Report ranks Utah education 38th in nation
By lisa schencker
The Salt Lake TribuneFirst published Jan 10 2013 08:51AM
A new report ranks Utah 38th in the nation when it comes to education — an improvement over recent years despite the state’s ongoing last-in-the-nation status for school spending.
The report, Education Week’s annual Quality Counts, gave Utah a grade of C, slightly worse than the national grade of C-plus. It ranked states on six measures: chance for success; transitions and alignment; school finance; K-12 achievement; standards, assessments and accountability; and the teaching profession.
Utah moved up a few spots since last year when it ranked 42nd in the nation. It ranked 41st in 2011.
"The area where we get the lowest grade on is on funding, so you can’t blame educators," said Judy Park, state associate superintendent, noting that Utah has the lowest per pupil funding in the country. "Every time they factor funding into their grades for education that always puts Utah low."
Utah earned its highest marks for its alignment between different levels of education and workforce needs, in which it ranked ninth in the country. It also earned a B minus for its standards, assessments and accountability.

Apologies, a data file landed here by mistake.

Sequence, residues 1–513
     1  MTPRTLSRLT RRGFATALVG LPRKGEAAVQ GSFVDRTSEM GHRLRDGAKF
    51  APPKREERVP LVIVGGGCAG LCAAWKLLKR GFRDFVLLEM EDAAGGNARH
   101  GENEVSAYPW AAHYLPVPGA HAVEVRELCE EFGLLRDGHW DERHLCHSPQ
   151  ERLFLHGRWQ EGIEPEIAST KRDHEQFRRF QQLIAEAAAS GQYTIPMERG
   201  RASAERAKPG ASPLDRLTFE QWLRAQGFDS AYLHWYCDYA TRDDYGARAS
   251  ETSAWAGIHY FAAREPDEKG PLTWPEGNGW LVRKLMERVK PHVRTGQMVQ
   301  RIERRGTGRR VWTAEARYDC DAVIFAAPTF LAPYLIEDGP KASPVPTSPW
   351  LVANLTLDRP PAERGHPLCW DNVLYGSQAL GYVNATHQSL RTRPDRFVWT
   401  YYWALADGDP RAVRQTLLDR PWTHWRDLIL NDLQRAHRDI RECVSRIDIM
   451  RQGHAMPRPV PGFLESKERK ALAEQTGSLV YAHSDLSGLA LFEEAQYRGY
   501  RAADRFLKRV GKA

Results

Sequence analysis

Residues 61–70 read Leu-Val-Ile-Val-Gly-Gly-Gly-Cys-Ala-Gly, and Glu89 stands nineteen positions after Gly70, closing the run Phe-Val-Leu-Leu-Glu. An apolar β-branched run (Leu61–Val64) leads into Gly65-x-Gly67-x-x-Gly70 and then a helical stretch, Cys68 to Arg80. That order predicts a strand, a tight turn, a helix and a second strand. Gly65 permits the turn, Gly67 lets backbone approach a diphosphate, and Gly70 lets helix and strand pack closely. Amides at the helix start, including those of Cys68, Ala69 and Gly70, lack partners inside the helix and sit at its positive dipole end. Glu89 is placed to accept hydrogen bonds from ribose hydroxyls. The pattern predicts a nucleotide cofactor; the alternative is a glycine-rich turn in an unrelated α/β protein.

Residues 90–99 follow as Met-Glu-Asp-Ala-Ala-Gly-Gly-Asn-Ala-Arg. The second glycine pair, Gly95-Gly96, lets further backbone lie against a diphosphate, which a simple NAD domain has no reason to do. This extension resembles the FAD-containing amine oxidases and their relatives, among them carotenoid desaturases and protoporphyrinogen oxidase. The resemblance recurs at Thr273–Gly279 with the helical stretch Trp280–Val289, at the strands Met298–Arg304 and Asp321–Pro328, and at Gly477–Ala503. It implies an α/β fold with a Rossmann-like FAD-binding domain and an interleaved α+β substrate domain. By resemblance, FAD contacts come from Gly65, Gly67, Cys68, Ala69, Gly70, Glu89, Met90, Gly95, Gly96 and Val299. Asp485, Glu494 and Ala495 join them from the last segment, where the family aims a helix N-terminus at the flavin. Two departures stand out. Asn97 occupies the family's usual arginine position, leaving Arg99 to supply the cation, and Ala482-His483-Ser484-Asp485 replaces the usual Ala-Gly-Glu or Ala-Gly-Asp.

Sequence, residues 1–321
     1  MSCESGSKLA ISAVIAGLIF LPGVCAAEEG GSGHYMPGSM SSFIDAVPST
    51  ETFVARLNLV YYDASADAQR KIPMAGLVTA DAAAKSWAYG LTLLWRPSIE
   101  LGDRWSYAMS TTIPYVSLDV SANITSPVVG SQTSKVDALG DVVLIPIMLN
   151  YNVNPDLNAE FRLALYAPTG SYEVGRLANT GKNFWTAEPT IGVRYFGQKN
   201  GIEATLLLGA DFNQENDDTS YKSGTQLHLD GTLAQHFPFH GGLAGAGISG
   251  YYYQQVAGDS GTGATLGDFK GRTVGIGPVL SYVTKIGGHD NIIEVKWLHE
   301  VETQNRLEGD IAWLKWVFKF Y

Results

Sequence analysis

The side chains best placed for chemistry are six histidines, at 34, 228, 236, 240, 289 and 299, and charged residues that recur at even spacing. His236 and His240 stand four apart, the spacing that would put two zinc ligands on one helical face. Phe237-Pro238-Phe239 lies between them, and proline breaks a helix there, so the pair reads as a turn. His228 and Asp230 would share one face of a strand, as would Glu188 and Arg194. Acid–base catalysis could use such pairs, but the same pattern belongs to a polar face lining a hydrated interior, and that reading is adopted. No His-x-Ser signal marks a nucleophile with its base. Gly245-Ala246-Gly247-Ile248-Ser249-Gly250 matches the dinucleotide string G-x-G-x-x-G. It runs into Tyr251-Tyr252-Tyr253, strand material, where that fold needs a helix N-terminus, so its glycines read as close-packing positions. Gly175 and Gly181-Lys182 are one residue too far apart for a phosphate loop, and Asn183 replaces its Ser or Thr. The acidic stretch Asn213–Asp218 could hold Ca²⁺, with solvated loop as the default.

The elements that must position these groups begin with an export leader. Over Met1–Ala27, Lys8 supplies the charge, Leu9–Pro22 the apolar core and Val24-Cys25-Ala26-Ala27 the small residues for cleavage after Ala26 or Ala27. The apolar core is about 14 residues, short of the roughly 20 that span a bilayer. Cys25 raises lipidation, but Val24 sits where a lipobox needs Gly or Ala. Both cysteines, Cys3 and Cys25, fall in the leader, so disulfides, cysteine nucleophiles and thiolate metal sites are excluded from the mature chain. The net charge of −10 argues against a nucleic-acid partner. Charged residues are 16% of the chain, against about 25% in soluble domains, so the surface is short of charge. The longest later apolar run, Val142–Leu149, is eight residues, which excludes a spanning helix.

Its lowest marks were for school finance, K-12 achievement (mostly as measured by student performance on National Assessment of Educational Progress tests) and conditions for teachers, including accountability.
The report dinged the state for not limiting class sizes, not offering state funded teacher training and not paying teachers salaries equal to those earned by people in comparable occupations, among other things.
Park, however, said that in many cases, those issues go back to Utah’s low funding.
Vicki Varela, communications adviser with Prosperity 2020, a business-led initiative to improve education in Utah, said reports such as Quality Counts are snapshots from certain perspectives that don’t always tell the full story. Still, she said, it’s positive by anyone’s measure to see Utah moving up in the rankings, though "38th in the nation isn’t where anybody wants us to be positioned."
Varela said investment isn’t everything, but it’s a big part of the equation. She noted that the state ranks in the bottom half of the nation for the amount of money spent on education in proportion to personal income.
On Wednesday, Prosperity 2020 unveiled its priorities for the upcoming legislative session, asking lawmakers to invest $43.6 million in computer-adaptive testing; early education programs for at-risk kids; and ACT testing for all students, among other things.
The group suggested a number of options to pay for all that, including modernizing the state’s severance tax system, tapping mineral lease revenues and restoring sales tax on food to its full rate, among other options.
"Our business leaders have seen education warning signs and those become red flags to the economy," said Natalie Gochnour, chief economist at the Salt Lake Chamber, during the unveiling of the Prosperity 2020 legislative priorities.